In recent years, farmers have been planting more corn to take advantage of high prices driven by the production of ethanol. They are loading fields with phosphate-rich fertilizer to enhance yields. As a result, silt, sediment and fertilizer are finding their way into the Lake Erie watershed. The problem is compounded by the U.S. Corps of Engineers dumping massive amounts of nutrient-rich sediment dredged from the Maumee River into Lake Erie.The most immediate effect is on fishing. The algae sucks vital oxygen from the lake at lower depth and that drives the fish, notably perch and walleye closer to the surface.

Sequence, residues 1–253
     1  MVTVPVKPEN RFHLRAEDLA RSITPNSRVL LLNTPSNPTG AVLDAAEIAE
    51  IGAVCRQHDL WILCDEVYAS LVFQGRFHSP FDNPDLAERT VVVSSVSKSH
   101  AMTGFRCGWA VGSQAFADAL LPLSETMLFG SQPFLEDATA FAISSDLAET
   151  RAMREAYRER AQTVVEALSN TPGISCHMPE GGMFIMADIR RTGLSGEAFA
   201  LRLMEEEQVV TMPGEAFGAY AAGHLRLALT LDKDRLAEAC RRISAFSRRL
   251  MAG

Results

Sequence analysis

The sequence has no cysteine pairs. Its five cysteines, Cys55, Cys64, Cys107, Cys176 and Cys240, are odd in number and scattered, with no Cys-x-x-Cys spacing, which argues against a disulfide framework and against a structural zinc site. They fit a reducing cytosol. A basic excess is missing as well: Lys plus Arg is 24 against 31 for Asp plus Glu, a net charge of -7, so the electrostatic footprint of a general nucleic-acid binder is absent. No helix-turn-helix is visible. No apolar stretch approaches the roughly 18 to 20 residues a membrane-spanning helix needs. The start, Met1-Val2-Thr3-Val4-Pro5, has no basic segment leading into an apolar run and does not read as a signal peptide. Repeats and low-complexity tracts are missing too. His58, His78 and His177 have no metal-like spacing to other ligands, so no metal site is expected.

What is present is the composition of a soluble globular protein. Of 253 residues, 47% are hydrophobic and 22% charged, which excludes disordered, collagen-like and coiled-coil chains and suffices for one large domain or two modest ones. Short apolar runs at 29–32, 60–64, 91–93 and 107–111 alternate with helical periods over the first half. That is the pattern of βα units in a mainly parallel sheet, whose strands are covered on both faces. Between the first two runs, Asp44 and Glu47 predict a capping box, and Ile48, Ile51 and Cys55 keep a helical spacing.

Anglers are finding large numbers of walleye in surprisingly shallow water from Huron to Vermilion where oxygen levels are normal, but not in deeper waters a few miles offshore, where catches had been very good a month ago. In some areas, anglers are finding yellow perch suspending well off the bottom, despite most of their preferred forage is found close to the lake bottom.I saw a swarm of anglers this past Saturday just to the northwest of Kelly's Island and wonder whether they were catching perch and walleye closer to the surface than normal. As Egan points out, "Unfortunately for Lake Erie anglers who favor perch, walleye and smallmouth bass, the species of fish that do well in eutrophic waters are sheepshead, channel catfish, white bass and white perch."